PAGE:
Logo Students

AHIS272 – Ancient Egyptian Literature

2017 – S2 External

General Information

Pdf icon Download as PDF
Unit convenor and teaching staff Unit convenor and teaching staff Unit Convenor
Susanne Binder
Contact via susanne.binder@mq.edu.au
AHH Level 2 north
by appointment
Credit points Credit points
3
Prerequisites Prerequisites
12cp at 100 level or above
Corequisites Corequisites
Co-badged status Co-badged status
Unit description Unit description
This unit introduces students to the corpus of literary texts from Ancient Egypt. Students read and analyse a representative selection of primary sources in English translation. These texts cover a variety of genres ranging from tales and teachings to biographies, dialogues and satires, as well as poetry and songs. They date from the Old Kingdom (c. 2500 BCE) to the Late New Kingdom (c. 1000 BCE).

Important Academic Dates

Information about important academic dates including deadlines for withdrawing from units are available at http://students.mq.edu.au/student_admin/enrolmentguide/academicdates/

Learning Outcomes

  1. read a representative body of literary texts from ancient Egypt.
  2. apply categories of text analysis to the ancient writings.
  3. define distinguishing features of ancient literary texts and to compare and contrast them with works of modern world literature.
  4. characterize key concepts of the ancient Egyptian world view, society and religion as reflected in the literary writings.
  5. appraise the literary texts from ancient Egypt as an example for the role literature plays in a literate/illiterate society as a form of human expression in dealing with the big issues in life.
  6. respond creatively to select passages to literary texts from ancient Egypt.
  7. critically assess the current scholarly debate on aspects of modern literary theory and its application to ancient Egyptian literature.

Assessment Tasks

Name Weighting Hurdle Due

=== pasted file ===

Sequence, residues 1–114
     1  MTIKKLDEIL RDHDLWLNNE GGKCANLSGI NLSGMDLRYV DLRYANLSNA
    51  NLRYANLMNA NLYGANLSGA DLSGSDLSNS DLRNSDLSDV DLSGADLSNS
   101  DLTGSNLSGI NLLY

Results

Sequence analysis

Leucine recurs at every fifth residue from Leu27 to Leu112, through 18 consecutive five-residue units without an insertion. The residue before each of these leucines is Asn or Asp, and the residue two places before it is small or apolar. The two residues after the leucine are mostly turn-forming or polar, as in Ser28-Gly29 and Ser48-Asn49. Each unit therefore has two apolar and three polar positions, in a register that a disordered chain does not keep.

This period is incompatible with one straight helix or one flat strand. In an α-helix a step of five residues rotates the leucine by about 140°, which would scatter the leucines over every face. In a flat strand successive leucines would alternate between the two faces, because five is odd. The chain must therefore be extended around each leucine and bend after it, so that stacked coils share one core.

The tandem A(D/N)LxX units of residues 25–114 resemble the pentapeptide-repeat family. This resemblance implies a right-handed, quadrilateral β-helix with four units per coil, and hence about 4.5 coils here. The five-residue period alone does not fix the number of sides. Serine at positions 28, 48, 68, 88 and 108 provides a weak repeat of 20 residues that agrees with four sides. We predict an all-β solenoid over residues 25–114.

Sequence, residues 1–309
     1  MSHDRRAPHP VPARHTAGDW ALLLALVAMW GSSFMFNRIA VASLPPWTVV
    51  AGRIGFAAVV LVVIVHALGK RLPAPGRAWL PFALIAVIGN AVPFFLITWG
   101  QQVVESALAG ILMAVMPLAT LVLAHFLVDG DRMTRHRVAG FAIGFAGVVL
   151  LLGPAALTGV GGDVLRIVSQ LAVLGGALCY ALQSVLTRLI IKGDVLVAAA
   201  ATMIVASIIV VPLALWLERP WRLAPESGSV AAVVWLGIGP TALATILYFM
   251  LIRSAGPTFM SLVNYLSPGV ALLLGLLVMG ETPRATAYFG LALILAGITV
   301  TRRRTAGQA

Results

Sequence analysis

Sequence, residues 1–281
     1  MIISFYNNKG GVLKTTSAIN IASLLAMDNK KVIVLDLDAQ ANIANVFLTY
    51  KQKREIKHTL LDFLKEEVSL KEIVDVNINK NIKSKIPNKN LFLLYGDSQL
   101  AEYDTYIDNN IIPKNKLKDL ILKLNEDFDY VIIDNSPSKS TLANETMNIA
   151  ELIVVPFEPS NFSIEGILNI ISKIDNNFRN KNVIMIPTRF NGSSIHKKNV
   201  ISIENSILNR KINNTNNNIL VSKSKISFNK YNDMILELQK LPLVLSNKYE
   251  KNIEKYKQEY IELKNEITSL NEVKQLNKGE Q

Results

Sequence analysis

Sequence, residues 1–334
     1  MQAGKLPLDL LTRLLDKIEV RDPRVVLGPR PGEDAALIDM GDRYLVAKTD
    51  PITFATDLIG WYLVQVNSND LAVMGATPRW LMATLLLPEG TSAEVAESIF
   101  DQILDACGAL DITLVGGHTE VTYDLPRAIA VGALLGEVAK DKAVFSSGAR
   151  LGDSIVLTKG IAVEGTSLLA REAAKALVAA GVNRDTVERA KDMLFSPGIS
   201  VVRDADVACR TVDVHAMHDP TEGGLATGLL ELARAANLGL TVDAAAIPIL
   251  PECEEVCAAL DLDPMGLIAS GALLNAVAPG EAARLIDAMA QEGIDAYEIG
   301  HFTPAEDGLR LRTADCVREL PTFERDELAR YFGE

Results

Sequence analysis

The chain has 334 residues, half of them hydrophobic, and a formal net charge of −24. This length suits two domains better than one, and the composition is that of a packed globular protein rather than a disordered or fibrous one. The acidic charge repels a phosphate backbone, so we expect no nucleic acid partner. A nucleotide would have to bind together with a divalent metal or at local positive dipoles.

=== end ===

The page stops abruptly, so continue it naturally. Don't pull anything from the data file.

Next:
Fact File 10% as per arrangement
Tutorial Paper 10% within Weeks 2-7
Quiz online (2) 10% Week 6, Week 12
Research Essay 30% Wednesday Week 9
Participation 20% Weeks 2-8, 10-12
Final Test (online) 20% Week 13

Fact File

Due: as per arrangement
Weighting: 10%

Brief oral presentation (max. 10 minutes) in class  of the "facts" about a specific ancient Egyptian literary text - accompanied by a powerpoint presentation. In preparation the student follows a specific catalogue of questions (see iLearn site).


This Assessment Task relates to the following Learning Outcomes:
  • read a representative body of literary texts from ancient Egypt.
  • apply categories of text analysis to the ancient writings.
  • define distinguishing features of ancient literary texts and to compare and contrast them with works of modern world literature.

Tutorial Paper

Due: within Weeks 2-7
Weighting: 10%

800-1000 words on set Tutorial Paper topics.


This Assessment Task relates to the following Learning Outcomes:
  • apply categories of text analysis to the ancient writings.
  • define distinguishing features of ancient literary texts and to compare and contrast them with works of modern world literature.
  • characterize key concepts of the ancient Egyptian world view, society and religion as reflected in the literary writings.
  • critically assess the current scholarly debate on aspects of modern literary theory and its application to ancient Egyptian literature.

Quiz online (2)

Due: Week 6, Week 12
Weighting: 10%

Two (2) short, 20-minute quizzes (multiple choice, true-false, matching, multiple correct, short answer etc) on the contents and important facts about the primary sources (5% each).


This Assessment Task relates to the following Learning Outcomes:
  • read a representative body of literary texts from ancient Egypt.
  • apply categories of text analysis to the ancient writings.

Research Essay

Due: Wednesday Week 9
Weighting: 30%

A 2,000-words research essay. Students either analyse a range of ancient literary texts in the light of a particular theme or evaluate the range of scholarship on one specific ancient literary text.